Massimo Gaudioso, screenwriter, Rome


Your life in a few lines, especially why a degree in economics (and trade) given your actual path

I’ve been very lucky. I had the happiest upbringing. Since I was a child, I had always women taking care of me with love. First epics: the sport – soccer and tennis – teaching me to get better the human beings and the group dynamics.

Cinema appears very soon and becomes my favorite refuge from fears and frustrations. Eternally undecided, I expect others to do it for me, so I let myself be convinced by my parents to attend a faculty that could be worth for my future – there would be always the time to dream.

The university allows me to test my resilience. First it becomes an alibi, then a prison, finally a challenge. Literally, I first made economy of myself, then trade … Anyway I wanted to graduate with a dissertation that could make enough sense of that wasted time, a”neorealist” pamphlet that could create a bridge with the future. Entitled Economy and Society in Naples, during the Second World it was my first act of exploration of a great scenario.



Writing for cinema is a very particular profession, what is your ‘version’ of this job especially after having worked so much with Italian directors who have positively shaken the profession with new languages ​​and new ideas that oscillate from a clamorous and raw realism to an incredible fantasy register – like Matteo Garrone with whom you have written subjects and screenplays of all his films, or almost?

For me it is the achievement of a dream that at a certain point seemed impossible to me. I do not like writing for cinema, I mean, I do not like it, but it’s a way to make films, to think about it. Writing can be very tedious, distressing, sometimes frustrating, given that it is an interlocutory work, not finished, read only by interested people. Imagining, instead, building characters and the world in which they move, is the funniest game that exists, especially if you share it with the right people, those that in many ways are similar to your idea of ​​cinema. A game that I still take very seriously. It’s like traveling, you’re driven by the curiosity to discover new things, know places, stories and people that you would never have known otherwise. Personally I like to experiment a lot, what I do must be alive, stimulating, every time I have to get out of it, with the feeling of having learned something. Conversely, if it becomes routine, and unfortunately happens, is the end.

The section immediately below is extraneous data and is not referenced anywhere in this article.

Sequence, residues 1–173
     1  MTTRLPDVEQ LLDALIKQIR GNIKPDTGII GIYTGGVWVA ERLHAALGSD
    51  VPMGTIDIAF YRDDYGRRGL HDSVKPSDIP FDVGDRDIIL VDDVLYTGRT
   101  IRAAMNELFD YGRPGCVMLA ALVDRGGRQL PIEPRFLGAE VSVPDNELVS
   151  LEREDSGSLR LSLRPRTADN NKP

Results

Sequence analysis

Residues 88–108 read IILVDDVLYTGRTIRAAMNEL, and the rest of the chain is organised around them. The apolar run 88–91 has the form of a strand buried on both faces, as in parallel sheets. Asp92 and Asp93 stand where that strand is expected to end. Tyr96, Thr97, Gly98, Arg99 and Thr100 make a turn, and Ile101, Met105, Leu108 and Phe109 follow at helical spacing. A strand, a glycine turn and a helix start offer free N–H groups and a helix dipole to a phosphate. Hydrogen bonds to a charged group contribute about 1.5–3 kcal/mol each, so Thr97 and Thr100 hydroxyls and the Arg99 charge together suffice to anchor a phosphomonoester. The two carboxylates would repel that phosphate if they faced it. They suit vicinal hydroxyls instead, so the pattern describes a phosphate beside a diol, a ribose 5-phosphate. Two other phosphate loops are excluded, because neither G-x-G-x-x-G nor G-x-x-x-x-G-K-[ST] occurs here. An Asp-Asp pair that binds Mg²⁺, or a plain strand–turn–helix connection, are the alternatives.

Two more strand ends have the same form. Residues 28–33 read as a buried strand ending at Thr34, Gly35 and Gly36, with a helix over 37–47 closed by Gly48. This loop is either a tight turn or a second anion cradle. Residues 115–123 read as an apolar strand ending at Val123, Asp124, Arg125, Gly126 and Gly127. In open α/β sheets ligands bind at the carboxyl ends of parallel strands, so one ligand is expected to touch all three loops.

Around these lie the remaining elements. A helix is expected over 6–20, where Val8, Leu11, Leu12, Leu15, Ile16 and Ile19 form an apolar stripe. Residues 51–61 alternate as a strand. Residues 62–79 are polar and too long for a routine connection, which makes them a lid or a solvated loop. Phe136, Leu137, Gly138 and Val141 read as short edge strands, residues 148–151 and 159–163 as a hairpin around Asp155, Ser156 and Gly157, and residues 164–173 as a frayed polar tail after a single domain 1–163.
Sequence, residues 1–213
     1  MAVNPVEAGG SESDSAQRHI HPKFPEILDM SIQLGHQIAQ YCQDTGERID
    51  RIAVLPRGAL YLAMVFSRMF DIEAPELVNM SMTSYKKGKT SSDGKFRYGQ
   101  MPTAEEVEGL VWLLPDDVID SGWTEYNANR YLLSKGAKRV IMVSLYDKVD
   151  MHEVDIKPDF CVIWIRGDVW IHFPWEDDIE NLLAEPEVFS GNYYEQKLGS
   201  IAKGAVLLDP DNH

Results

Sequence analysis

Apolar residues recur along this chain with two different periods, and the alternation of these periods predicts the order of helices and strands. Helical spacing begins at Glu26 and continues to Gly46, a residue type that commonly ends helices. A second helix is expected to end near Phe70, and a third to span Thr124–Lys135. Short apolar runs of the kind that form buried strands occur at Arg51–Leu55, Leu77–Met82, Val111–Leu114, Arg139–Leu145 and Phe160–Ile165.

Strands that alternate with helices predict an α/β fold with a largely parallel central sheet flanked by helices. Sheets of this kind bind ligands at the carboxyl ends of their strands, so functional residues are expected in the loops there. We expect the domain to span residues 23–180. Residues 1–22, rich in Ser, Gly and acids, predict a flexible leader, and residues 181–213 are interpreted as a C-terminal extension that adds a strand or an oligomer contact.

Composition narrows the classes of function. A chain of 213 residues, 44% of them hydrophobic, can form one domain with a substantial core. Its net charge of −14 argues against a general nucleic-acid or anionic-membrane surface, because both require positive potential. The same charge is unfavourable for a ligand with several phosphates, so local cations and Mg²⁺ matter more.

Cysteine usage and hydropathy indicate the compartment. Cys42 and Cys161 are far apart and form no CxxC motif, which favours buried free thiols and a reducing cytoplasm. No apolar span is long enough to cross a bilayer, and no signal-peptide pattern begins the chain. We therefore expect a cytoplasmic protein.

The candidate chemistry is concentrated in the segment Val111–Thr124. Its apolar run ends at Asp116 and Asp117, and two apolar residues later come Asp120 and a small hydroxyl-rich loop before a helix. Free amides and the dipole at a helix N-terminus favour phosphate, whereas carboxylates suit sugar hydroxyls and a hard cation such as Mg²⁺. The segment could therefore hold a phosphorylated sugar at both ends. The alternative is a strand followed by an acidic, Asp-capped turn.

After the movie Gomorrah, your second adaptation from a book if I’m not mistaken, did you feel the need for a fine-tune of your professional life or of your writing practice?

No, I followed the flow, sincerely – with what they proposed to me and that could assure me to live. I came from a period of great economic suffering. But, being able to afford a minimum of choice, I tried to open a gap in a genre that I have always loved and in which I felt I was very carried: the comedy; a comedy with dramatic, tragicomic implications.



I loved Pranzo di Ferragosto (Mid-August Lunch), a subtle yet enormous and disruptive film: can you tell us more?

I could write a book about this film, and maybe a day I will. Although it is not a film of mine, or rather not officially, it was one of those that gave me more satisfaction on the level of self-esteem but also more disappointments on the human level. In a nutshell, I can say that I was involved in this adventure by Matteo (Garrone), who was the film’s producer and asked me to review the screenplay and support Gianni di Gregorio as a director on set, since he was on the set of Gomorrah. For Gianni it was the story of his life, he was jealous but he was also full of fears and he accepted anything to make it, even Matteo’s choices, right or wrong they were, with which he did not agree but did not have the courage to counteract. Because of one of these choices, the wrong one naturally, we found ourselves having to shoot the film in just twenty days. Gianni came up with a stress-caused hernia and the fear of not making it, of having to play with four ladies between the ages of 85 and 94 who had never acted, with a limited crew and fewer means available, in a house of 100 square meters and in full mid-August. Matteo told me to take the situation in hand and shoot the film in sequence, from beginning to end, as he did, trying to follow the suggestions that came out of the set day by day. And to do not to worry about the result, if nothing came out he (Matteo Garrone) had put back some money and stop. So I did. I threw the script, I reassured Gianni, I motivated the crew and listened to all the stories of the four ladies during lunch breaks to try and get what was good and insert it naturally into the plot. It was like walking on the wire but without a protective net. Tired but also very exciting. I understood that for me it was the best way to bring out the best. We even ended a day early and after toasting and drinking I proposed to shoot a last scene to be used for the credits: I put a piece of Roy Paci, toda joia toda beleza, then forced everyone to dance in a room where we had loaded the camera: the four ladies first, then Gianni, then the Viking (who unfortunately left us) finally the whole crew. Unforgettable.